Denver Mayor Hancock Orders Permit Review over Trash and Security Concerns at 4/20 Event

Dawnarie Brooks picks up trash in Civic Center Park on April 21, 2017, the morning after the 4/20 marijuana celebration event was held in Denver. “This is where I live — I can’t leave it like this,” said Brooks, a homeless women living in Denver.

Denver Mayor Michael Hancock on Monday ordered a city review into rampant fence-hopping, public pot-smoking and slow trash cleanup that left Civic Center in a “disrespectful state” during and after last week’s 4/20 celebration.

“Our parks and public spaces are held in the public trust. … When you leave one of our parks trashed, you violate that trust,” Hancock said in the park just before noon, with several members of his administration flanking him.

The mayor, the parks director, the special events office’s leader and the police chief said the focus on Thursday’s annual daylong 4/20 event, which attracted tens of thousands of people, was about more than the piles of trash still left behind Friday morning. In coming weeks, city officials said, they will examine not only trash management but also public safety protocols and security staffing that, taken together, they saw as more of a problem than in previous years.

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Hancock said the review by his staff would look at policies, procedures and event requirements for lessons for all big events in parks, not just 4/20.

But the review could result in penalties or affect that event’s future.

Miguel Lopez, the 4/20 rally’s longtime organizer, was not immediately available for comment Monday.

Police Chief Robert White suggested security was inadequate, given the frequency of event-goers rushing the perimeter fence late in the afternoon — as the unsanctioned 4:20 p.m. smoke-out neared — to avoid long security-screening lines at the entry points.

A video still from a camera at the Greek amphitheater at Civic Center Park shows the scene at 9 p.m. April 20, 2017 (top) and 6:41 a.m. April 21, 2017 (bottom).

Though no big incidents occurred inside the gates, White said, the lax security likely allowed in plenty of contraband. Officers cited or arrested 48 event-goers, most of them for public marijuana consumption — a common occurrence in past events.

Outside the 4/20 event, two people were arrested after gunfire was reported near 15th Street and Cleveland Place in the early evening. Nobody was injured in that incident.

So, it’s not just the trash in Civic Center: @MayorHancock‘s review of 4/20 rally will look at security (crashing fences), policies violated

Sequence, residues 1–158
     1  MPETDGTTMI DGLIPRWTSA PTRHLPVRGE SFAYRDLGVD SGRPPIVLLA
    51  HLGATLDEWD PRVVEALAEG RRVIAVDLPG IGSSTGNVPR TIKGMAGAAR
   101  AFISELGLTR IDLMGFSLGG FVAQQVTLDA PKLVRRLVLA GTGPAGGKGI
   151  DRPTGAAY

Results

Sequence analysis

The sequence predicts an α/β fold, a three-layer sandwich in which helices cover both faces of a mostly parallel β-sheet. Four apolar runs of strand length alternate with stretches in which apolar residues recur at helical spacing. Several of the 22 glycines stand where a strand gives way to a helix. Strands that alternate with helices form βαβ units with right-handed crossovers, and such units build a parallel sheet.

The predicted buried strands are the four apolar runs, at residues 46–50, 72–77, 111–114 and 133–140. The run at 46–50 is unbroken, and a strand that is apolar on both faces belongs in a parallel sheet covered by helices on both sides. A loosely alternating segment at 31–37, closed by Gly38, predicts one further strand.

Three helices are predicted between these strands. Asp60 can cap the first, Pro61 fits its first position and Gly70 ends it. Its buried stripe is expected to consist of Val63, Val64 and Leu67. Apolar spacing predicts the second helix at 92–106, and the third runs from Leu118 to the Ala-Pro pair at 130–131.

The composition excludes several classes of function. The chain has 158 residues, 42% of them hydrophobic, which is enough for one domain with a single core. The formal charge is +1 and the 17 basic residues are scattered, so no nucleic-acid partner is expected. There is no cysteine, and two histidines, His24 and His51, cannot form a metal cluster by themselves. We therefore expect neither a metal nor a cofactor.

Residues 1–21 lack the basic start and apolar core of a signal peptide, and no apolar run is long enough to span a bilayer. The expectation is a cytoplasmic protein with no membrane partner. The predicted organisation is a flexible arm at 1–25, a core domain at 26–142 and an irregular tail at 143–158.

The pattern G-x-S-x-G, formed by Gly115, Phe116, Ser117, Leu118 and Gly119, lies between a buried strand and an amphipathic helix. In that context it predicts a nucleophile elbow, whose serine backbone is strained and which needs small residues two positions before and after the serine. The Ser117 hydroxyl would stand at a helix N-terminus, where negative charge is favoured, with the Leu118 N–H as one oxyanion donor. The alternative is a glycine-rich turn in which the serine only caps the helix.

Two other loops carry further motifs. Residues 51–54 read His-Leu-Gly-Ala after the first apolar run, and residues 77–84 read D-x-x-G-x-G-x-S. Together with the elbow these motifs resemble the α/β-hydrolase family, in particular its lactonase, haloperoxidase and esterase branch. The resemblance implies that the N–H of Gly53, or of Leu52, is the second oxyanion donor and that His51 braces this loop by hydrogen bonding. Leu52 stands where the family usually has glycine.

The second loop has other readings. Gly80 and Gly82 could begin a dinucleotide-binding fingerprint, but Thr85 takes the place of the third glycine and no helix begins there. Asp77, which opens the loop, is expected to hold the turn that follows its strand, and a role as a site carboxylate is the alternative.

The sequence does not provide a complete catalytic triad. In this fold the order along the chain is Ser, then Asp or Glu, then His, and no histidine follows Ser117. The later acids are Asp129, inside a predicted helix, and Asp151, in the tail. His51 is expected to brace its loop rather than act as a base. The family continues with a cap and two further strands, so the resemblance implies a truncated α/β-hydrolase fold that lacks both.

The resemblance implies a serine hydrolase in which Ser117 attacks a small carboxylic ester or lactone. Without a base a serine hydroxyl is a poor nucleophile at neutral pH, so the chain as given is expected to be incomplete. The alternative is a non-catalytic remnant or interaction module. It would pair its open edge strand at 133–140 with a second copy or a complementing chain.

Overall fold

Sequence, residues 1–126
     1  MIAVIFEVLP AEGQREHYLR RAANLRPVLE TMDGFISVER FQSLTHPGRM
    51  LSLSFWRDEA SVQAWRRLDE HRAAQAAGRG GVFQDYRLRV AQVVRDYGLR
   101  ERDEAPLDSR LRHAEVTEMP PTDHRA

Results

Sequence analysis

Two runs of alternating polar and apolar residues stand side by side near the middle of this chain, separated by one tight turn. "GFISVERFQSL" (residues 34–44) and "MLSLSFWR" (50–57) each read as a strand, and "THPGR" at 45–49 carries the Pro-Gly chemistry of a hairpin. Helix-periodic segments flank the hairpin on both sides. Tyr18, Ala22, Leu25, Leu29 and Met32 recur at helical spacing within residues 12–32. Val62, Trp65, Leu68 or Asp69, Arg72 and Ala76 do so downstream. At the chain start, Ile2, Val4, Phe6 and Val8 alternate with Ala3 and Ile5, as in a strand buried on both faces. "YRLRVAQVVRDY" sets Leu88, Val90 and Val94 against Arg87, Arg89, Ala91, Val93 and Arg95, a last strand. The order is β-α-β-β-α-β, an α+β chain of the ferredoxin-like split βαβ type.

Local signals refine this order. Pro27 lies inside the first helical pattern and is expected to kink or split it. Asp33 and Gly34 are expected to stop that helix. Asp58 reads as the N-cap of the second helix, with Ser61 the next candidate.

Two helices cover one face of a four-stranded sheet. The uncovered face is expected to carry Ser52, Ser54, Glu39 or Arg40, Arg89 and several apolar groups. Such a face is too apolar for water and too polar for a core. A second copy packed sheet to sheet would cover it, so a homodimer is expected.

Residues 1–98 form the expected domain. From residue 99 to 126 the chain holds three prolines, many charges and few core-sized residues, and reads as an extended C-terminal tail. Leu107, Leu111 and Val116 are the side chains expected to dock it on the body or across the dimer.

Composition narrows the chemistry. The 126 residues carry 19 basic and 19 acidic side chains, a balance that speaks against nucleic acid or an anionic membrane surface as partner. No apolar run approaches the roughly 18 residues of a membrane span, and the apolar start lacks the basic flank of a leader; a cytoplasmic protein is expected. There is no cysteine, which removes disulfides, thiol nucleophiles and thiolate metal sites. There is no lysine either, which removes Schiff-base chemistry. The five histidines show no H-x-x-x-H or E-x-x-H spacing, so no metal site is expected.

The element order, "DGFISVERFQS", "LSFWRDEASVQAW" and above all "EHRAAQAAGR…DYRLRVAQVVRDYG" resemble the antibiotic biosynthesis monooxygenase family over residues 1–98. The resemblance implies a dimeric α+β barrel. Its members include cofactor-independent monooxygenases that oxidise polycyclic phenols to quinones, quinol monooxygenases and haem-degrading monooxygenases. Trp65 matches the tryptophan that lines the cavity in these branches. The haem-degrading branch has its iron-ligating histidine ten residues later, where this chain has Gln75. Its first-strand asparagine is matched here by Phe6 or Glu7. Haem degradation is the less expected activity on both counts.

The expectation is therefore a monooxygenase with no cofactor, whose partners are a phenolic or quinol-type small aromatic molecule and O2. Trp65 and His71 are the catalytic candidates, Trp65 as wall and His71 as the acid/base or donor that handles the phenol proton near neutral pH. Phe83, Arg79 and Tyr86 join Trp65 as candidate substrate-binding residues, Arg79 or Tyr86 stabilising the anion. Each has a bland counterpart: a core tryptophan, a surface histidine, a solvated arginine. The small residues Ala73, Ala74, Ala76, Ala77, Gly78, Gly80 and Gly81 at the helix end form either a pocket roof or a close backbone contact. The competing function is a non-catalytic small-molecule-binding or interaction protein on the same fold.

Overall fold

Organizers’ permit for Civic Center allowed for cleanup all day Friday, but the trash still strewn across the grounds at dawn, as office workers strolled to their jobs, drew quick public recriminations.

Lopez said Friday that volunteers and a hired cleanup crew weren’t allowed by police to stay in the park after midnight Thursday and had to return to finish clearing out trash in the morning. The park was clean of trash by early afternoon.

Lopez long has protested the scrutiny his event faces perennially.

But city officials said 4/20 wasn’t being targeted unfairly.

They said the core trash problem was that Lopez’s permit conditions included keeping up with garbage removal throughout the event, rather than leaving much of it for the end.

“We have other very large events here where we have no problems — that are much larger, that have many more people, that generate far more trash, if you will,” said Allegra “Happy” Haynes, executive director of Denver Parks and Recreation. “And we’ve never experienced that issue.”

Hancock said the “deep dive” permit review could have a bearing on other events beyond 4/20.

“These types of issues could arise in any event — I want to make that very clear,” he said. “But we don’t want to see them happen again.”

Still, Hancock said the event’s celebration of marijuana, with plenty of public consumption occurring, brings special challenges, given renewed federal scrutiny of legalization.

“We always want to be mindful of the city not promoting lawlessness,” Hancock said. “And when I look out that office (window) at the 4/20 event any year — and I see the plume — that bothers me.”

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